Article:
2018 seems a long time ago now, but I remember it ended on a high. Sure I’d seen the pictures of the red carpet events put on by Create50 but I never thought I’d attend one. Then I saw my name on the shortlist for The Singularity. Then I found out that my story, Hive Mind, had made the final fifty. So I bought tickets to the double-launch party at the Cinema Museum in London, where I was overwhelmed by the sinister brilliance of the evening—the hazmat suits, the blood, the live exorcism—and the multitude of fantastic writers in attendance. Then I saw my name on the big screen.
Somehow, Hive Mind had won ‘best story’ in the competition.
After that, it was all a bit of a blur. I vaguely recall being on the stage with a microphone in my hand. I remember thinking, this must be a mistake. But it wasn’t. Moments like this are magical and rare. Having spent a fair bit of my writing career not winning things, I know how disheartening it can be, so any time someone connects with one of my stories, it’s an overwhelming experience.
I felt inspired.
In February 2019, my eight thousand word novelette, The Forest is Hungry, was rejected by the ever-excellent Weirdbook. It was a personal rejection, in which the editor was kind enough to highlight the area that tripped him up. Later that month, after I’d corrected the issues, Forest received a same-day acceptance from Demain Publishing, and in March 2019 it was released to the world as Book #16 in the ‘Short Sharp Shocks!’ series. It was my first standalone publication in my own name, and I thought I’d made the big time.
In October 2019, I found out that my flash fiction story, Fledglings, had won the Monster Flash contest run by The Arcanist. It was the second year running I’d won their flash fiction contest, and I guess the excitement must have gone to my head, because I immediately emailed them and asked if they would consider publishing a collection of my horror stories.
If I’d slept on it, I probably wouldn’t have bothered. I’d have persuaded myself that I’m not ready. I never really believed they’d say ‘yes’ as they’d never published a single-author collection before. And yet, as luck would have it, they thought the idea was worth exploring.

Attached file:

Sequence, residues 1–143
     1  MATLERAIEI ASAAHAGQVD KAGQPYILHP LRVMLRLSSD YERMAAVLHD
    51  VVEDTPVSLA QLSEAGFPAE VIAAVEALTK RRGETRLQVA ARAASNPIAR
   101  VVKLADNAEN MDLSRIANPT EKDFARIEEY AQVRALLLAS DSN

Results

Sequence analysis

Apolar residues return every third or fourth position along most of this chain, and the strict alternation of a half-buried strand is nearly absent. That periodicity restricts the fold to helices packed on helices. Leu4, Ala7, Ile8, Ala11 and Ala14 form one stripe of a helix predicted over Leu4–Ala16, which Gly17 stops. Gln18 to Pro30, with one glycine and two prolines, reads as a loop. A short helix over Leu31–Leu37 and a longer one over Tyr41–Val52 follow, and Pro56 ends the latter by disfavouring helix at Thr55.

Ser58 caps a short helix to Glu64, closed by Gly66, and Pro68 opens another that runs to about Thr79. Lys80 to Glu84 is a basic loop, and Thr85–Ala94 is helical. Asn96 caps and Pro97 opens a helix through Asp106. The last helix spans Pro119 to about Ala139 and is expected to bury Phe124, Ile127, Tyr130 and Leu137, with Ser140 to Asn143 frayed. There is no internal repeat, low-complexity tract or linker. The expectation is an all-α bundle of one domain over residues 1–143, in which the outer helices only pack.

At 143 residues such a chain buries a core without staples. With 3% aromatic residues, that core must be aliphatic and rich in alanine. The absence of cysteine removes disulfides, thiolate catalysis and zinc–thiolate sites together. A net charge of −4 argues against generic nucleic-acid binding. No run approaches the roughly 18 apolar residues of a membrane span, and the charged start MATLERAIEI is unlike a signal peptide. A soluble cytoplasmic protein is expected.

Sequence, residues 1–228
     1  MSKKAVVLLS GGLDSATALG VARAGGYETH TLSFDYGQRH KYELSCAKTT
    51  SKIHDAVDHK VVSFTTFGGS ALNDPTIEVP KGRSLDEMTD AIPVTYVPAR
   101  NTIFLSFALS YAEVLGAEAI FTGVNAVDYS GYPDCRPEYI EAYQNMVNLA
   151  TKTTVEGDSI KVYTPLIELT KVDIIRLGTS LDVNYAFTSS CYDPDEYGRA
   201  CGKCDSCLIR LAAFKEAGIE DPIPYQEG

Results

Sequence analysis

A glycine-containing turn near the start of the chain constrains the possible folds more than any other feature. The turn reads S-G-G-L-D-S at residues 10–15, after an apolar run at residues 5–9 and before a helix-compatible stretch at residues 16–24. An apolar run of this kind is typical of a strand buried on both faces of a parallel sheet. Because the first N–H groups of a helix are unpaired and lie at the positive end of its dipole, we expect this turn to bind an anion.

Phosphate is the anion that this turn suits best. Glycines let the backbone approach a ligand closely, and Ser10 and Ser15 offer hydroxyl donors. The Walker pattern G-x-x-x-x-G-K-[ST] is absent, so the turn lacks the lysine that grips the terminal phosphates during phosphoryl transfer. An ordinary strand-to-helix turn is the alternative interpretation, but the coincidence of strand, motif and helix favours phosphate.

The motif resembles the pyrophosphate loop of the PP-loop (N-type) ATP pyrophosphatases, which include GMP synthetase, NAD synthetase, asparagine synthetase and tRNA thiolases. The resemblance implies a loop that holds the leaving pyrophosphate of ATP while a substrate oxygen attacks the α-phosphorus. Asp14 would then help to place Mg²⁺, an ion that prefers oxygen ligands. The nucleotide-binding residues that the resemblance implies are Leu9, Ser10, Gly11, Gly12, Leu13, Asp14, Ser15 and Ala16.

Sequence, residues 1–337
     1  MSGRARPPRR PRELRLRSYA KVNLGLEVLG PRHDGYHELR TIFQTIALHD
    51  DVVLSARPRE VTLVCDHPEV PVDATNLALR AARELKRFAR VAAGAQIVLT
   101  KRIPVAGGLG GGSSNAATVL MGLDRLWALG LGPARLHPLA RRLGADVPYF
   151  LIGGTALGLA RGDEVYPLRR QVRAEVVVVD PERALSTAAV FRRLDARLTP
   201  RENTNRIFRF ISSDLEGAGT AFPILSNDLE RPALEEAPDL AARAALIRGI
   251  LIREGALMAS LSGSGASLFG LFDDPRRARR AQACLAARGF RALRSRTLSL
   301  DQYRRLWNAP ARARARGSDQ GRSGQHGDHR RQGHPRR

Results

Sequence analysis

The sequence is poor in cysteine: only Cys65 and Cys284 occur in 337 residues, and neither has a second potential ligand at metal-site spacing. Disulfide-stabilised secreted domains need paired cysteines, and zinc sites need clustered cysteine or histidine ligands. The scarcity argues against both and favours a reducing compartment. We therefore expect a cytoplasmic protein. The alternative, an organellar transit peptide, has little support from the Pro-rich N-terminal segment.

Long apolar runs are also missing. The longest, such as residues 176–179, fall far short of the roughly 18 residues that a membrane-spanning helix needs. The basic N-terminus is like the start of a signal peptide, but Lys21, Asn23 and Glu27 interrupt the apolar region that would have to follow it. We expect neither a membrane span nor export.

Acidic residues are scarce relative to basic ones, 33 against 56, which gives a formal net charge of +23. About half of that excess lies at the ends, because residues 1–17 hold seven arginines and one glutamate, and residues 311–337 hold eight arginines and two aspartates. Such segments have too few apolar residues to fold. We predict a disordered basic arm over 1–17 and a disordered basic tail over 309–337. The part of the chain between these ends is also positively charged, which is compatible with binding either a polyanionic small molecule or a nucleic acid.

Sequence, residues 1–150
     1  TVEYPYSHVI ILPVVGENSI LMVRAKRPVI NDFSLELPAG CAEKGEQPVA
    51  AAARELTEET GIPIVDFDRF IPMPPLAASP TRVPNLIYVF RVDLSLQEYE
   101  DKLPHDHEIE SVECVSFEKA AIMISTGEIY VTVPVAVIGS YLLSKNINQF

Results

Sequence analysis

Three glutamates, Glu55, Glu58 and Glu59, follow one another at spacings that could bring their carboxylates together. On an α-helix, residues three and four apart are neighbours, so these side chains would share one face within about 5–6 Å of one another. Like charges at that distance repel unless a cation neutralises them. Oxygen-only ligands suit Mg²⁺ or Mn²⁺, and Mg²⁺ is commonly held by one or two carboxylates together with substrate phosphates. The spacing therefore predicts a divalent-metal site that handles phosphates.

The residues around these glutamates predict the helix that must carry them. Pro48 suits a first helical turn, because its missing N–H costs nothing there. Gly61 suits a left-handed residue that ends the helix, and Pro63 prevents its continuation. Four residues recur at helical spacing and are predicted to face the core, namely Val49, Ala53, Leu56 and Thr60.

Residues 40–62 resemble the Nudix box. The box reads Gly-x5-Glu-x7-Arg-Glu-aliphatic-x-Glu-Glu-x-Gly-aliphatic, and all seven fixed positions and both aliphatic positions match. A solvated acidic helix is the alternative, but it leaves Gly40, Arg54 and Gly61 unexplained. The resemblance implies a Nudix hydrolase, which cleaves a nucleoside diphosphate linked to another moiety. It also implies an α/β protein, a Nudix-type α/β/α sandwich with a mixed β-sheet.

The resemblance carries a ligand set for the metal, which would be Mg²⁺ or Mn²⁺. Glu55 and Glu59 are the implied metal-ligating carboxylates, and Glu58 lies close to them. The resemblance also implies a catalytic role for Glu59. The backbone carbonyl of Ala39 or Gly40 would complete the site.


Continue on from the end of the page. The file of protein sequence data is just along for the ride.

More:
Since then I’ve enjoyed every second of the rollercoaster ride to publication. I sent over a lot more stories than will feature in the collection, and even some of my prize-winning stories didn’t make the cut. I suggested several cover artists and, amazingly, we ended up with the Bram Stoker Award-winning author, Kealan Patrick Burke, who’s done an incredible job. And Sunday Times bestselling author, Christina Dalcher, was kind enough to write an introduction.
For me, this is proof that dreams can come true. It’s the result of never giving up, and always striving to be a better storyteller. I’m sure many of you know exactly what I’m talking about.
The Lamppost Huggers and Other Wretched Tales was published by The Arcanist on 1 June 2020. It’s available from all good bookstores.
“The Lamppost Huggers is a Pandora’s box of bite sized terror. Delightfully macabre, grotesquely disturbing and insanely original…horror has a new name, and that is Christopher Stanley!” – Ross Jeffery, author of Juniper.
Christopher Stanley is the author of numerous prize-winning flash fictions, the darkest of which can be found spreading misery and mayhem in his debut collection, The Lamppost Huggers and Other Wretched Tales (The Arcanist, June 2020). He’s also the author of the horror novelette, The Forest is Hungry (Demain Publishing, April 2019). Check out his website christopherstanleyauthor.com for updates, and follow him on Twitter @allthosestrings